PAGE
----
Crimesploitation: Crime, Punishment, and Pleasure on Reality Television
A hallmark of modern popular media is a focus on reality. From television programs to podcasts, content producers promise media audiences glimspes into worlds that they would not otherwise experience directly. In Crimesploitation: Crime, Punishment, and Pleasure on Reality Television, Paul Kaplan and Daniel LaChance offer a critical examination of reality-based crime programming, from the emergence of Cops in the 1980s to more recent examinations of the criminal justice system in podcasts like Serial and docu-series like Making a Murderer.
In dubbing these programs “crimesploitation,” Kaplan and LaChance connect “true crime” media with “exploitation” media that “satisfy the voyeuristic desire to witness the violation of taboos” (p. 2). They argue that crimesploitation exploits some of the most vulnerable members of society for our entertainment. In doing so, it reinforces images of cops and criminals, that reject structural explanations for crime and align with neoliberal notions of crime as a personal choice, and a necessity for “law and order” policies to combat crime.
In four chapters, Kaplan and LaChance offer numerous examples of this process. Crimesploitation shows like Cops and America’s Most Wanted place viewers in the seat of law enforcement figures combating evil predators and delinquents. They highlight the importance of tough, authoritative responses to crime in maintaining order in society. Shows like Lockup that offer more of the offender’s viewpoint continue to cast offenders as violent predators, but also offer sympathetic glimpses into offenders’ personal lives. These shows offer an optimistic view of offenders – that they often take responsibility for their actions and commit to changing their ways. This narrative also plays into the authors’ central thesis, as these shows place an emphasis on personal change inspired by the harsh realities of the prison environment as the pathway to rehabilitation.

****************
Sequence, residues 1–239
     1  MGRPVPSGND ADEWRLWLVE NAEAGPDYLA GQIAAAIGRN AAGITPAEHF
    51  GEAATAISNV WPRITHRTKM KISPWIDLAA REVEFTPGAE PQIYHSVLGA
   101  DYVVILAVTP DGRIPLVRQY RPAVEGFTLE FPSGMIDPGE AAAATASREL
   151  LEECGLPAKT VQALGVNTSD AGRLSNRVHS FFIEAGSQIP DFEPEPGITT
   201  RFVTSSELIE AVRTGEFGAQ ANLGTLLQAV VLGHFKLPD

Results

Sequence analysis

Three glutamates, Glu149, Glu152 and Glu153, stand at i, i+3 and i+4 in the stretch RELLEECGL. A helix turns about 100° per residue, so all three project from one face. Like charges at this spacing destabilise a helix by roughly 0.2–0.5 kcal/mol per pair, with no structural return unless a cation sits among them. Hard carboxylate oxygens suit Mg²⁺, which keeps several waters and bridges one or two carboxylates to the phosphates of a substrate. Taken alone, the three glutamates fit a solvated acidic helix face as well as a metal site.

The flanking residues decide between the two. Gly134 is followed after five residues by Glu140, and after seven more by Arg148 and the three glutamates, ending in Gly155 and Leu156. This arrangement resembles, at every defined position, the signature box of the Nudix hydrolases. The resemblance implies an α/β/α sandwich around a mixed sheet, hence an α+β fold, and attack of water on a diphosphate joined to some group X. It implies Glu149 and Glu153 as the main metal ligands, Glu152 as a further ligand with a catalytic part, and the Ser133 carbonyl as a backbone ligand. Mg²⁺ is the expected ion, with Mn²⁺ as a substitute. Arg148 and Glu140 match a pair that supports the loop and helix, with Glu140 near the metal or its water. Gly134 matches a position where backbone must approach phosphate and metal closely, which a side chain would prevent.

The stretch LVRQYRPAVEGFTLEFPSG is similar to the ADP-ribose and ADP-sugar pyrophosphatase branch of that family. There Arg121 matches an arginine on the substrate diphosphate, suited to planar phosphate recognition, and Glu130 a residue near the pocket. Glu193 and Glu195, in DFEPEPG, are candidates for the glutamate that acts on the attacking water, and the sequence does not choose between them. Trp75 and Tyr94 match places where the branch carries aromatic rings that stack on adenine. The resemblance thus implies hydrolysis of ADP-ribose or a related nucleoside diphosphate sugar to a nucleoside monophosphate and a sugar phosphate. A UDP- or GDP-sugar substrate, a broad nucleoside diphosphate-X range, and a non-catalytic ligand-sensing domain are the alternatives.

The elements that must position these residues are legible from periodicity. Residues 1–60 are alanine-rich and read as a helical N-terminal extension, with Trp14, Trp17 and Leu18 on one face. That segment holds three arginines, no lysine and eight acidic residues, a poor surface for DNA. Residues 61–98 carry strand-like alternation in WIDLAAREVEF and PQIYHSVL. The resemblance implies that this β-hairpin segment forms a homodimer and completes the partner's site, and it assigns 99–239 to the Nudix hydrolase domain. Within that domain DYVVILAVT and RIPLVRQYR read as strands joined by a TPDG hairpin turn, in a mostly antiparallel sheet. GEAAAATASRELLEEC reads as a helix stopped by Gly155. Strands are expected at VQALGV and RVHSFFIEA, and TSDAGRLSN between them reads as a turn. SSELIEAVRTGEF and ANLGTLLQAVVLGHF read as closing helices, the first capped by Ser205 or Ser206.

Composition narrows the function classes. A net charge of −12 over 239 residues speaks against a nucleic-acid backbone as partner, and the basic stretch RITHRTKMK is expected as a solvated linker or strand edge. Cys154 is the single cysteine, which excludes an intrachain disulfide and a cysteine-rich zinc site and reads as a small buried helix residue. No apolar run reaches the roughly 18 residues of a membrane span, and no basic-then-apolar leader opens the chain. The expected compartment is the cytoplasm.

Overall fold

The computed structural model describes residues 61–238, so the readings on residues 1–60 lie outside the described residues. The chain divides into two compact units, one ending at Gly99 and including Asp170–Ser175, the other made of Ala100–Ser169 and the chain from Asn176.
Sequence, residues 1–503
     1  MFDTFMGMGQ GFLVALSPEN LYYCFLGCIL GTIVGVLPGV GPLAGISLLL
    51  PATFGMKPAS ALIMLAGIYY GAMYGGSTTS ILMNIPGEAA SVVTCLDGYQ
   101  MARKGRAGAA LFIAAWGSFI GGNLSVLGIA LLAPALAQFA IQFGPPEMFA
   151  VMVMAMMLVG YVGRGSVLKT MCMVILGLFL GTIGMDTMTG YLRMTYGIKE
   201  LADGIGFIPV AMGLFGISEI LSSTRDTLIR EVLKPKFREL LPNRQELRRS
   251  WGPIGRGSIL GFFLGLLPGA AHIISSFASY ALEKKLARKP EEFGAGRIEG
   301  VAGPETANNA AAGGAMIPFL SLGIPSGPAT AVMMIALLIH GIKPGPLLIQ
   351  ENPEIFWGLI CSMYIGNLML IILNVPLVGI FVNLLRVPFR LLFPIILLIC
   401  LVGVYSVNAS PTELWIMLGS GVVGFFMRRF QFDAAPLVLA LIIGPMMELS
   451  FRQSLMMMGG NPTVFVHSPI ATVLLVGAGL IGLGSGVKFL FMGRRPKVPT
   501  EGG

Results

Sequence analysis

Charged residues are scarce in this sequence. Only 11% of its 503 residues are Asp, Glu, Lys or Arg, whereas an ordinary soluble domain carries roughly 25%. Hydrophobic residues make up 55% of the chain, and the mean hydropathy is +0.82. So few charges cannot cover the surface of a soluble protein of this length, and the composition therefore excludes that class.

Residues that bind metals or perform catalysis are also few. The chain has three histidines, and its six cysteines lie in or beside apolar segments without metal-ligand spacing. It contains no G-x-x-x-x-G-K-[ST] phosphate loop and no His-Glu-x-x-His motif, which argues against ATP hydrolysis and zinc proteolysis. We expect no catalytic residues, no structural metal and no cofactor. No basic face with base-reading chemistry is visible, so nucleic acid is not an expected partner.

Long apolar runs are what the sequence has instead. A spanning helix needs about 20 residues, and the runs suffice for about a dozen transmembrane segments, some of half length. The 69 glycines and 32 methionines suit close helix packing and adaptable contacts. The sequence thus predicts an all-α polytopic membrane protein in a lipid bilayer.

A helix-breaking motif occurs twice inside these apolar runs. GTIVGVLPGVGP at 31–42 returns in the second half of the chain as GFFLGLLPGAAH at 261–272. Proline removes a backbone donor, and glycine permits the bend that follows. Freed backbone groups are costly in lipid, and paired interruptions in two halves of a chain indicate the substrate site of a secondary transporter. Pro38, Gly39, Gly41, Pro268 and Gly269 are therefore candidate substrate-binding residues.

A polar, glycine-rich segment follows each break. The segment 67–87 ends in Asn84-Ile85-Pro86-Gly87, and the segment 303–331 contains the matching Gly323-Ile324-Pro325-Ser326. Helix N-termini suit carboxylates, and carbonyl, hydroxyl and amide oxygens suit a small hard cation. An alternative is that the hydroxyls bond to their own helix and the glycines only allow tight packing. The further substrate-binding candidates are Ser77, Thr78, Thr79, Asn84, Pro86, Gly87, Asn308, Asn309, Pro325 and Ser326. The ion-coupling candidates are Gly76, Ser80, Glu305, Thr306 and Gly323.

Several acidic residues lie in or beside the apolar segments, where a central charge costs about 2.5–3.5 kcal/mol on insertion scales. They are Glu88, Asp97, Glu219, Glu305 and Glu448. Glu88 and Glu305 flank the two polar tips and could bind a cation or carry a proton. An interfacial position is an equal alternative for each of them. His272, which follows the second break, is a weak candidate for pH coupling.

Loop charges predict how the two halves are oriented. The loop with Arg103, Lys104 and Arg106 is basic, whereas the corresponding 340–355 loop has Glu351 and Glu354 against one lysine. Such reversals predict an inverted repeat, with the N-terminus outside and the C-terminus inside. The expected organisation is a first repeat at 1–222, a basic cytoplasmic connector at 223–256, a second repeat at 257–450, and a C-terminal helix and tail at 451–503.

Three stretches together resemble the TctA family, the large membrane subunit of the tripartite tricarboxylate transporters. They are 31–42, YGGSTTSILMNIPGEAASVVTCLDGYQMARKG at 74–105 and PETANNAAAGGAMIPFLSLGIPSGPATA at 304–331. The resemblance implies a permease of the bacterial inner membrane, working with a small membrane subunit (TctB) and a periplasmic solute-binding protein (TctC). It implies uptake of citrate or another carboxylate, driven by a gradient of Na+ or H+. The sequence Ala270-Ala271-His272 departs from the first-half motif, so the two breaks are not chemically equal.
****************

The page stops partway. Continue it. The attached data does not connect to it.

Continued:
Even recent “middle-brow” examples of crimesploitation that cast a critical light on the criminal justice system play into the neoliberal mindset. While programs like Making a Murderer and Serial often explore the role of police and prosecutors in potential cases of wrongful conviction, they continue to maintain a focus on individualistic solutions to the crime problem. In Making a Murderer, it is heroic defense attorneys that are the solution to a “bad apple” prosecutor. This simplistic narrative ignores actual systemic realities, such as a lack of effective defense for indigent defendants and widespread abuses of prosecutorial discretion.
Kaplan and LaChance show that crimesploitation programs help to maintain the status quo of the neoliberal carceral state. Crimesploitation’s focus on individual pathology as a cause of crime and “law and order” as the solution to crime steers viewers away from important structural causes of crime and the need for reform in the criminal justice system and society-at-large. They do so while exploiting people in their worst moments, showing a “reality” of crime that carefully avoids being too real.
Andrew J. Baranauskas is an assistant professor in the Department of Criminal Justice at SUNY Brockport.